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This article is the author's final published version in Molecular and Biochemical Parasitology, Volume 251, September 2022, Article number 111511.

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This is an open access article under the CC BY-NC-ND license ( nd/4.0/).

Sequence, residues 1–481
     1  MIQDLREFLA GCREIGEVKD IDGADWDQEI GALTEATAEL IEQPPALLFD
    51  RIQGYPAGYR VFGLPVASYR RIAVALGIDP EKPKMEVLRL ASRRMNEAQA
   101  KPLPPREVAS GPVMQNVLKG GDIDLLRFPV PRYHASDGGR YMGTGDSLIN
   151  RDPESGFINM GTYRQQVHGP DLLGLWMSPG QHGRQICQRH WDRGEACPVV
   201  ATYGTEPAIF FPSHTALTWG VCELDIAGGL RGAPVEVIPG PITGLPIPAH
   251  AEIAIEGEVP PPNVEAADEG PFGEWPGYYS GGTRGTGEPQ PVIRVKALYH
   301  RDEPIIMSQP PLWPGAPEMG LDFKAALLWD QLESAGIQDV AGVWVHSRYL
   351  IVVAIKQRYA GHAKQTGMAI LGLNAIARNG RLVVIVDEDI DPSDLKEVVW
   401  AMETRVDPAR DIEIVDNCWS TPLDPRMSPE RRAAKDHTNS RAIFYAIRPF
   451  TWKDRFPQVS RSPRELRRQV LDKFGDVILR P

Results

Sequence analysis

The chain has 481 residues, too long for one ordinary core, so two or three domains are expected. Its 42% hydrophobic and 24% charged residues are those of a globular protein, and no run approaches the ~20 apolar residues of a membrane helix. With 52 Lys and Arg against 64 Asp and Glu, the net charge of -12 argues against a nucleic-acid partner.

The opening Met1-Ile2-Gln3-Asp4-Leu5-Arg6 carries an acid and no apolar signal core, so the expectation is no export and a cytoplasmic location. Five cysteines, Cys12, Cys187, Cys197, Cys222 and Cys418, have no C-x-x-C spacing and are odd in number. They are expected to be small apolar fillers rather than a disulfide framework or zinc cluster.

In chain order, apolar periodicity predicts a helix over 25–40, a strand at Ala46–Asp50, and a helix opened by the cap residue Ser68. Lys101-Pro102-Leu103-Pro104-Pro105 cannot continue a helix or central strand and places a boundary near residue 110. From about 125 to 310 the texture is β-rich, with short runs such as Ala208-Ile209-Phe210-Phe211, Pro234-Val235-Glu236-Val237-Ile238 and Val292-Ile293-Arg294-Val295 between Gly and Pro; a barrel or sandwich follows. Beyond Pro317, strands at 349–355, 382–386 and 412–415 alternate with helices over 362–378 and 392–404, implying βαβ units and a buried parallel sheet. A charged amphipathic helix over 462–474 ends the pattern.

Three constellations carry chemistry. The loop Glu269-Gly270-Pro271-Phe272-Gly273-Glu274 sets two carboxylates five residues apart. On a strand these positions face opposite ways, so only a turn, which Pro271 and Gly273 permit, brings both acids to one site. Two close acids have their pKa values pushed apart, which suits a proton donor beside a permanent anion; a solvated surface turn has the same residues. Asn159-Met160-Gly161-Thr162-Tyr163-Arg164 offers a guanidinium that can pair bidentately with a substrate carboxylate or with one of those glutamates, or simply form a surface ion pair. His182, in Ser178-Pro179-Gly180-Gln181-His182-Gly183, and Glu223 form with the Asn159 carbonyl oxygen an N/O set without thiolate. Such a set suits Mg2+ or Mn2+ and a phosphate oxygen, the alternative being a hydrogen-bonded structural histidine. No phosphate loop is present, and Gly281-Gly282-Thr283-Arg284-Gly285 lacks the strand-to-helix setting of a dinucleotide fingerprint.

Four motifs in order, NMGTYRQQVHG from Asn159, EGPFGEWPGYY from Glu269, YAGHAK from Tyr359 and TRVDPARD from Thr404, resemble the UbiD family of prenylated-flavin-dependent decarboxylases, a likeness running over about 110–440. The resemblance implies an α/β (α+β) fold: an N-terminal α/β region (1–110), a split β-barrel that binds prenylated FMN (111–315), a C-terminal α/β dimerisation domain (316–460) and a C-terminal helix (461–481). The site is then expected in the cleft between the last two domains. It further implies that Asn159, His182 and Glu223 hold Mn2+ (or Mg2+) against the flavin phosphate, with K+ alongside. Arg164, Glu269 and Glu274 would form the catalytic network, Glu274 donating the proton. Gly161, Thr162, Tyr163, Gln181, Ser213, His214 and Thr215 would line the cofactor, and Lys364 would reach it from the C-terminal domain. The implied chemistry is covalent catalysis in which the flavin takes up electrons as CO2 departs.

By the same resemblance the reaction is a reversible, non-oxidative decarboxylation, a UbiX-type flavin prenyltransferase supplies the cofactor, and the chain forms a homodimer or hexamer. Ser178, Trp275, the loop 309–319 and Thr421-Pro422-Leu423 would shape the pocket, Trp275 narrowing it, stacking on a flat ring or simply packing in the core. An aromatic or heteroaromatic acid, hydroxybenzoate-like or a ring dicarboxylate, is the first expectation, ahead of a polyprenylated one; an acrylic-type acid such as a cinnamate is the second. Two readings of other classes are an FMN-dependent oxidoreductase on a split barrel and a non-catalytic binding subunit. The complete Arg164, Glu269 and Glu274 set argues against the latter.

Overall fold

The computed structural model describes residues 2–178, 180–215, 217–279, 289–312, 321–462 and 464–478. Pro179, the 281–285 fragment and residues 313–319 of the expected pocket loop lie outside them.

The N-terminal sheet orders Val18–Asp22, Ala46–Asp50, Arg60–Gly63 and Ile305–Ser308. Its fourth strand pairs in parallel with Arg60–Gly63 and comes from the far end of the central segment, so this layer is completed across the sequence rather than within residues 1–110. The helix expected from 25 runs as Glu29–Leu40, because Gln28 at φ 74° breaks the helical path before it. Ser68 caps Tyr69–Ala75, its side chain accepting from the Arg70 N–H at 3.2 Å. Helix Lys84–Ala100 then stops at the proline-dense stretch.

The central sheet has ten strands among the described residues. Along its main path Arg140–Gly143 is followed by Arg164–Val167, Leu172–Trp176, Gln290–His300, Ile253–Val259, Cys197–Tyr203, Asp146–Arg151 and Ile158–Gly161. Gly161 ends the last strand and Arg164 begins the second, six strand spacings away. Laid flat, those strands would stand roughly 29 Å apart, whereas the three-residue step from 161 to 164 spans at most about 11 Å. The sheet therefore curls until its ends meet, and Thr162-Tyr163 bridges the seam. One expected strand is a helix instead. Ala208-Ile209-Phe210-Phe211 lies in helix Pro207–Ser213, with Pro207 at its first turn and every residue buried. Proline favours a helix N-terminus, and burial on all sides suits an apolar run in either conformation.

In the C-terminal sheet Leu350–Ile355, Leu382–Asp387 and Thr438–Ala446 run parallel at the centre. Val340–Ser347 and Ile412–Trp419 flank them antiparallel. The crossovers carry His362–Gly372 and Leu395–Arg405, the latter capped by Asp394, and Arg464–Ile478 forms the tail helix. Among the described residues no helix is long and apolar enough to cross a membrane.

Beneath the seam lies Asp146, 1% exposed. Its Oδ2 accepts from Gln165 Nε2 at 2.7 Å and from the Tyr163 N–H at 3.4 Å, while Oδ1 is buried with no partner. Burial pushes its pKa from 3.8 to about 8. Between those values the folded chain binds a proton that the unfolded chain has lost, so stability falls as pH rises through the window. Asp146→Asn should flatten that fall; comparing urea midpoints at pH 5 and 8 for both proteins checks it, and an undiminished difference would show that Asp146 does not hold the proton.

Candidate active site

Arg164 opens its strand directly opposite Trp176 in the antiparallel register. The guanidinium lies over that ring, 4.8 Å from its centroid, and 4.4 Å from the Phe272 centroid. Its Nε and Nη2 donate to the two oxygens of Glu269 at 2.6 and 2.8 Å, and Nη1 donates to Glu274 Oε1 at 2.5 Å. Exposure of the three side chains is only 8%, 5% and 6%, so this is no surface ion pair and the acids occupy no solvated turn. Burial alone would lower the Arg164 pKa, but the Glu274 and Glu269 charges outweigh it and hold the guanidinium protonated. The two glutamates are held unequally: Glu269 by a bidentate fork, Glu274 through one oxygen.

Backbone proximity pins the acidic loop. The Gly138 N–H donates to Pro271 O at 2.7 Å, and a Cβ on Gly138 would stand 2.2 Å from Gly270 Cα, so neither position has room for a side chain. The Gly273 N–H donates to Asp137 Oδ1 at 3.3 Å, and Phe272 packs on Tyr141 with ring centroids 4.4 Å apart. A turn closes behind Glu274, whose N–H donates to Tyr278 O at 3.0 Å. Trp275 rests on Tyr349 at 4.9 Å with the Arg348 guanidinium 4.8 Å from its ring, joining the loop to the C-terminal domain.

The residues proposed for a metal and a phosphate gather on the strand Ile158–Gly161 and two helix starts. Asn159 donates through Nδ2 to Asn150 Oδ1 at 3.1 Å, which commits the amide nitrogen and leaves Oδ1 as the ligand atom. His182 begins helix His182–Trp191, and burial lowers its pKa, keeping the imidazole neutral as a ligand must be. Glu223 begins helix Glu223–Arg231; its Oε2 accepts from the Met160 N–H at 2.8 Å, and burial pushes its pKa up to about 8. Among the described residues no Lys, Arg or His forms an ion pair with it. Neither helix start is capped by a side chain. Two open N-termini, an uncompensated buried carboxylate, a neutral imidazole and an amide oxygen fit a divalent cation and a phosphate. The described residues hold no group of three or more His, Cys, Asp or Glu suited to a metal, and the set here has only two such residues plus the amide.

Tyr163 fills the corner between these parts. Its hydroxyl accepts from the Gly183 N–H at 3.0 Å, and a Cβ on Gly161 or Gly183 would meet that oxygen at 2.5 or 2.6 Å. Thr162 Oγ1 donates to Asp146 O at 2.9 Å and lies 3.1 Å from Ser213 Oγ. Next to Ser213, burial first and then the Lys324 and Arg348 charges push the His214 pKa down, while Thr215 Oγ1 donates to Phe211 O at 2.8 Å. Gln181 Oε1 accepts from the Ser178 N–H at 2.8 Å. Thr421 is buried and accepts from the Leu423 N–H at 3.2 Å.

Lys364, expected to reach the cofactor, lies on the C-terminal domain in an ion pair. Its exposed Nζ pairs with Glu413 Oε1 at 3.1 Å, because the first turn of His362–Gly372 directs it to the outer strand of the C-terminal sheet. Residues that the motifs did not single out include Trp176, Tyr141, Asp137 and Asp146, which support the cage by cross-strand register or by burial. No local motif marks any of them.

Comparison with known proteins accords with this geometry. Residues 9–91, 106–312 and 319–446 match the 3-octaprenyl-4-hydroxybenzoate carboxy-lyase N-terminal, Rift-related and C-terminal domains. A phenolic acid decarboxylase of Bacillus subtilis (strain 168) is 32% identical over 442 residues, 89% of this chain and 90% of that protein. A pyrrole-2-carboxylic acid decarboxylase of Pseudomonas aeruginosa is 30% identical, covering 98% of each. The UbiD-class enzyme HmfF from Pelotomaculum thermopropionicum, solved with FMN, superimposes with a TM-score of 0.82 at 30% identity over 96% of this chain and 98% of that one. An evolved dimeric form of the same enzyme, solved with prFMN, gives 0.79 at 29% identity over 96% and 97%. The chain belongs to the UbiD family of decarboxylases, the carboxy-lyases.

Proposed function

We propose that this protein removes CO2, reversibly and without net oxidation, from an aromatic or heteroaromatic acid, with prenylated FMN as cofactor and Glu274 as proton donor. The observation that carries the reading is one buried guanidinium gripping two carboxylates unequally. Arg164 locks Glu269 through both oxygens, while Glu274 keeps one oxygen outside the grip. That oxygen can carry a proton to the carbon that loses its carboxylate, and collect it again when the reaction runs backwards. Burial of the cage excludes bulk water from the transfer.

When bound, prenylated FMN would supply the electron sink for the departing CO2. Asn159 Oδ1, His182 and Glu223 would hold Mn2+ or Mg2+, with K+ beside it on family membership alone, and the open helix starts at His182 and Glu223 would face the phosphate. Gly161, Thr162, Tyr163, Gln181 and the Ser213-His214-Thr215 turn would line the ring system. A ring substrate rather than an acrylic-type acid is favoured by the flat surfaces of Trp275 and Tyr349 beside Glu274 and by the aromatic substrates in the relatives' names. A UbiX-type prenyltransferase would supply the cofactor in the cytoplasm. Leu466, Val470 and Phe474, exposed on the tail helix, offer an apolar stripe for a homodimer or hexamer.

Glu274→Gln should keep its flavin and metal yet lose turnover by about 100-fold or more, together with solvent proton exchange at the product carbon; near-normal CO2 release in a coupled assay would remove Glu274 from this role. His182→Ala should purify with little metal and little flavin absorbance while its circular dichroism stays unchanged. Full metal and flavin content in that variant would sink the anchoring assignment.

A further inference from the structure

The gastrointestinal (GI) nematode Strongyloides stercoralis (S.s.) causes human strongyloidiasis, a potentially life-threatening disease that currently affects over 600 million people globally. The uniquely pernicious aspect of S.s. infection, as compared to all other GI nematodes, is its autoinfective larval stage (L3a) that maintains a low-grade chronic infection, allowing undetectable persistence for decades. Infected individuals who are administered glucocorticoid therapy can develop a rapid and often lethal hyperinfection syndrome within days. Hyperinfection patients often present with dramatic increases in first- and second-stage larvae and L3a in their GI tract, with L3a widely disseminating throughout host organs leading to sepsis. How glucocorticoid administration drives hyperinfection remains a critical unanswered question; specifically, it is unknown whether these steroids promote hyperinfection through eliminating essential host protective mechanisms and/or through dysregulating parasite development. This current deficiency in understanding is largely due to the previous absence of a genetically defined mouse model that would support all S.s. life-cycle stages and the lack of successful approaches for S.s. genetic manipulation. However, there are currently new possibilities through the recent demonstration that immunodeficient NOD.Cg-Prkdcscid Il2rgtm1Wjl/SzJ (NSG) mice support sub-clinical infections that can be transformed to lethal hyperinfection syndrome following glucocorticoid administration. This is coupled with advances in transcriptomics, transgenesis, and gene inactivation strategies that now allow rigorous scientific inquiry into S.s. biology. We propose that combining in vivo manipulation of host immunity and deep immunoprofiling strategies with the latest advances in S.s. transcriptomics, piggyBac transposon-mediated transgene insertion, and CRISPR/Cas-9-mediated gene inactivation will facilitate new insights into the mechanisms that could be targeted to block lethality in humans with S.s. hyperinfection.

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